Archive for the ‘Painted Hills’ Tag

The Painted Hills   13 comments

The foothills of the Ochoco Mountains rise to the west of the grasslands near the Painted Hills, Oregon.

The foothills of the Ochoco Mountains rise to the west of the grasslands near the Painted Hills, Oregon.

It has been way too long since I’ve done a travel-oriented post.  It’s really my favorite kind!  So in place of photography advice this week, I’m going to recommend a photo destination:  The Painted Hills!  They are known by landscape photographers across the west, and even across the country and world.  Perhaps you have seen pictures of them.

Lying in a remote area of central Oregon near the small town of Mitchell, the Painted Hills are a series of colorful formations with photogenic textures.  This post will give some tips on visiting and photographing them, and also some background information on the area’s fascinating geology.  It is the first of two.

The Painted Hills are part of John Day Fossil Beds National Monument.  National Monuments, if you don’t know, are sort of like National Parks lite; they’re protected federal land that is not as high profile as parks.  This national monument is made up of three main areas (units) separated by drives of 2-3 hours.  It is a very scenic area worth exploring outside of the Painted Hills themselves.

The three units – Painted Hills, Sheep Rock and Clarno Units – form a rough triangle that can be explored going either clockwise or counter-clockwise.  You’ll need a car, no 4×4 is necessary.  There is easily obtained camping and lodging scattered through the area.  It is definitely not touristy.

Morning light hits the Painted Hills in Oregon.

Morning light hits the Painted Hills in Oregon.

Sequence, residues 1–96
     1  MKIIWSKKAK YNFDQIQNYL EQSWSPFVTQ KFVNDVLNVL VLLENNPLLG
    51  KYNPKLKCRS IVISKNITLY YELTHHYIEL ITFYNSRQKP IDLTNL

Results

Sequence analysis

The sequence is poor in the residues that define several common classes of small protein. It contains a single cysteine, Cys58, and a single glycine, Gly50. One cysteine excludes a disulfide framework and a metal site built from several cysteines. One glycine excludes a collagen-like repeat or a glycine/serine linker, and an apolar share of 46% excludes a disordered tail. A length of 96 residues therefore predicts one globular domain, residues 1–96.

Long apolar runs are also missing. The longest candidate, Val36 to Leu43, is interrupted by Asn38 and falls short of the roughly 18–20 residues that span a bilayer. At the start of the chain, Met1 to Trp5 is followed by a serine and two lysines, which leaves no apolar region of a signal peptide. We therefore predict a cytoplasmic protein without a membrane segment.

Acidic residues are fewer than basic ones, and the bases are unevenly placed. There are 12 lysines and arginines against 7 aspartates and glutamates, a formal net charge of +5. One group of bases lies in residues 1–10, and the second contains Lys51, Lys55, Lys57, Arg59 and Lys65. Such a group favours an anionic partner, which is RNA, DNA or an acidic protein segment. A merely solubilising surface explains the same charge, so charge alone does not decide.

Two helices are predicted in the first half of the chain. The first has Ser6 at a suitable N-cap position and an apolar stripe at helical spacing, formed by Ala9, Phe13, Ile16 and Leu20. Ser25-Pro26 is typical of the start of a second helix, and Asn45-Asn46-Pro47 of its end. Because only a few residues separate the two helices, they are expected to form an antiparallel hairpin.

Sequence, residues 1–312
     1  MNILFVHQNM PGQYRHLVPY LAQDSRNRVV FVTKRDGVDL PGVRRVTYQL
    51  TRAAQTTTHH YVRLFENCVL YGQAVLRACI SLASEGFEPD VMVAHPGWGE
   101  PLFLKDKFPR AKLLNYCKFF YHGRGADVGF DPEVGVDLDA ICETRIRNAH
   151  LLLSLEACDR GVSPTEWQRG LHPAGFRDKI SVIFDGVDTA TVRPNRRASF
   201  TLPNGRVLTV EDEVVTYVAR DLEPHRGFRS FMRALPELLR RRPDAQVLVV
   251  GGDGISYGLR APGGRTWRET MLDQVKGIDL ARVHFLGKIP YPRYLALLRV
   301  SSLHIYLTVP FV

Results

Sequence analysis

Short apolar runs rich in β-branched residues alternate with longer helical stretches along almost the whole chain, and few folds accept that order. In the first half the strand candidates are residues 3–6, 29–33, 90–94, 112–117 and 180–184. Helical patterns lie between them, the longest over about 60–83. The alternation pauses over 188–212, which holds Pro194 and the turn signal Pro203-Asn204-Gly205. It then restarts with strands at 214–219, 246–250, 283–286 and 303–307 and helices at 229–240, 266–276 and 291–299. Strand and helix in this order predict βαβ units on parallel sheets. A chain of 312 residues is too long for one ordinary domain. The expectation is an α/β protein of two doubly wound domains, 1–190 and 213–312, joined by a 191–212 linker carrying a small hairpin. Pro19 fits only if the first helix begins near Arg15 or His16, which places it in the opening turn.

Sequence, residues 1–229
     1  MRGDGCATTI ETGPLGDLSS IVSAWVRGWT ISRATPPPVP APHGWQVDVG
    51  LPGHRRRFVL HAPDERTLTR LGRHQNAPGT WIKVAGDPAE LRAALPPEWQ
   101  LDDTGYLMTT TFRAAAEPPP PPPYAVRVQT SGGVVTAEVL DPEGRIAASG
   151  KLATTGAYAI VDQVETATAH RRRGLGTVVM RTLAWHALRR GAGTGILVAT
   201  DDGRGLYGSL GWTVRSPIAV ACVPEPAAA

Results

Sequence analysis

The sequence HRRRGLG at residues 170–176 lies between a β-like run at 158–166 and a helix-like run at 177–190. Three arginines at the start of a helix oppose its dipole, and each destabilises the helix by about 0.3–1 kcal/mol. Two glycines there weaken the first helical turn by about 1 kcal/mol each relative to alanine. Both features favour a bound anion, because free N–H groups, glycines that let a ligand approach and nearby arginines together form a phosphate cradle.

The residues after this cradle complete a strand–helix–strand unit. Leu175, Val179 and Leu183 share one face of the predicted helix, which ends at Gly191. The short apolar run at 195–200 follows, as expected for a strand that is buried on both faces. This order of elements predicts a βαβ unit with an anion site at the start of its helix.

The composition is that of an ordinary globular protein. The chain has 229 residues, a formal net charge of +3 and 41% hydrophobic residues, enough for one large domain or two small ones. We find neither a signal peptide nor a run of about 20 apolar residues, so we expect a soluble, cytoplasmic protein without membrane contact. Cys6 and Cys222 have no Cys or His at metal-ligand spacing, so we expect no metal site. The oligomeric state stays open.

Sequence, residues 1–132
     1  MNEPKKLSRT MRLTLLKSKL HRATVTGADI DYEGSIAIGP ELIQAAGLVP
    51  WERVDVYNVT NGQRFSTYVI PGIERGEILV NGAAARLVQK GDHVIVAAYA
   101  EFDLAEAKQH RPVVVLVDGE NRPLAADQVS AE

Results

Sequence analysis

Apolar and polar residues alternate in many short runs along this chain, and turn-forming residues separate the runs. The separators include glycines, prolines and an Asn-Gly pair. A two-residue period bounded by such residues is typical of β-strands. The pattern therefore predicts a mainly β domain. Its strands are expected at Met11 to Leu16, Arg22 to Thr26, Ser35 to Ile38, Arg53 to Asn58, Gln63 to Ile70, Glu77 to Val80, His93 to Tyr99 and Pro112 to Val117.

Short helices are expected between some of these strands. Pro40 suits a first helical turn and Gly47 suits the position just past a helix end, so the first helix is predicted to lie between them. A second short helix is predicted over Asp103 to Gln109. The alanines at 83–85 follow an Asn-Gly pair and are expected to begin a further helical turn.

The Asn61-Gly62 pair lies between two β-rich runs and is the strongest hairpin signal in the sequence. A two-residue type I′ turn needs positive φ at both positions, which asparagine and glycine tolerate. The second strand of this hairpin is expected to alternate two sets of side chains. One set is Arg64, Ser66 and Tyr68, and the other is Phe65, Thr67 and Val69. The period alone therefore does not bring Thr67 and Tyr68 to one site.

Home on the range in central Oregon near the Painted Hills.

Home on the range in central Oregon near the Painted Hills.

Directions

If you want to hit the Painted Hills first, drive east from Portland on Hwy. 26.  Follow it across Mount Hood and through an Indian reservation.  Then, just after passing through the town of Madras, turn left to stay on Hwy. 26.  It will take you through the cow-town of Prineville, up and over the beautiful Ochoco Mountains, and down into the huge basin where the Hills sit.

If you’re coming from Bend, first drive north to Redmond, then east to Prineville to pick up Hwy. 26.  The signed turnoff for the Painted Hills, Bridge Creek Road, is not far after you finish descending off the Ochocos.  The Hills are about 6 miles north of Hwy. 26 just off Bridge Creek Road.

In the Painted Hills, a family of geese makes its way across a rare stretch of water in this dry area of eastern Oregon.

In the Painted Hills, a family of geese makes its way across a rare stretch of water in this dry area of eastern Oregon.

Layers of fossil soils form colorful bands in Oregon's Painted Hills.

Fossil soils form colorful bands in Oregon’s Painted Hills.

What are the Painted Hills?

The Painted Hills are formed by exposures of sedimentary rock belonging to the Big Basin Member of the John Day Formation.  In the Oligocene epoch, some 34 million years ago, volcanoes to the west sent ash clouds over the area, and streams deposited more layers of ash-rich sediment in a subtropical river basin.  The sediment weathered to deep soil before being buried and turned into rock.  Because they are rich in volcanic ash (tuff), the rocks weathered to a clay-rich material.  Volcanic ash has a lot of silica and aluminum; just add water and you have clay.